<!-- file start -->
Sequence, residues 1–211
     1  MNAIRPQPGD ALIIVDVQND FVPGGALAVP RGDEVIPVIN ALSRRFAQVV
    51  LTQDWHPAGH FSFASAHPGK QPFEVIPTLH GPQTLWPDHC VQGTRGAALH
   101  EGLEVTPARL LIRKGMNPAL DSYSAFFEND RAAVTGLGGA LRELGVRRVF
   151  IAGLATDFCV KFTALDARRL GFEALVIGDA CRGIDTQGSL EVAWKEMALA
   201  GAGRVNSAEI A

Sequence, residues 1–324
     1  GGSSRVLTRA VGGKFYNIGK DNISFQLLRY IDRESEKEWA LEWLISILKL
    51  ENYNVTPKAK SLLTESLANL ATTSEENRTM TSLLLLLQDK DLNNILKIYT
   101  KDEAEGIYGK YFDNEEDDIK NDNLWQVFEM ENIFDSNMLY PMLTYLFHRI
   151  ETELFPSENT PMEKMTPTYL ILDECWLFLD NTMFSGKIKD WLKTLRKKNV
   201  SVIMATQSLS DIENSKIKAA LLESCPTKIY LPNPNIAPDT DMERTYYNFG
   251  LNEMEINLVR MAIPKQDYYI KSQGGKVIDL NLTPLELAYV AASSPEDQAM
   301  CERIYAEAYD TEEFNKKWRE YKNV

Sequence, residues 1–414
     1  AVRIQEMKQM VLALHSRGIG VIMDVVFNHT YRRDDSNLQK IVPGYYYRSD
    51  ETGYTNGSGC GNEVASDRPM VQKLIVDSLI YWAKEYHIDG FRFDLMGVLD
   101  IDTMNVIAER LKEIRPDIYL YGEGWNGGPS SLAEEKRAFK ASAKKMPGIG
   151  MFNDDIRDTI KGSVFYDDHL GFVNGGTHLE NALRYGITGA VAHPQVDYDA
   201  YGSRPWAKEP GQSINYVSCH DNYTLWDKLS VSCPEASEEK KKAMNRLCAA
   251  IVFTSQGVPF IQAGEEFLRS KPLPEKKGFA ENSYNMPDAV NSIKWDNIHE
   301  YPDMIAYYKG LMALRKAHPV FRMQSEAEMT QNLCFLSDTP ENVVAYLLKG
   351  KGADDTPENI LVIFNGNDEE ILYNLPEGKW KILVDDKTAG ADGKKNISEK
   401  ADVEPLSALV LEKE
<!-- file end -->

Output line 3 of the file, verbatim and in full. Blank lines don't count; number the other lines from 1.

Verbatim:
    51  LTQDWHPAGH FSFASAHPGK QPFEVIPTLH GPQTLWPDHC VQGTRGAALH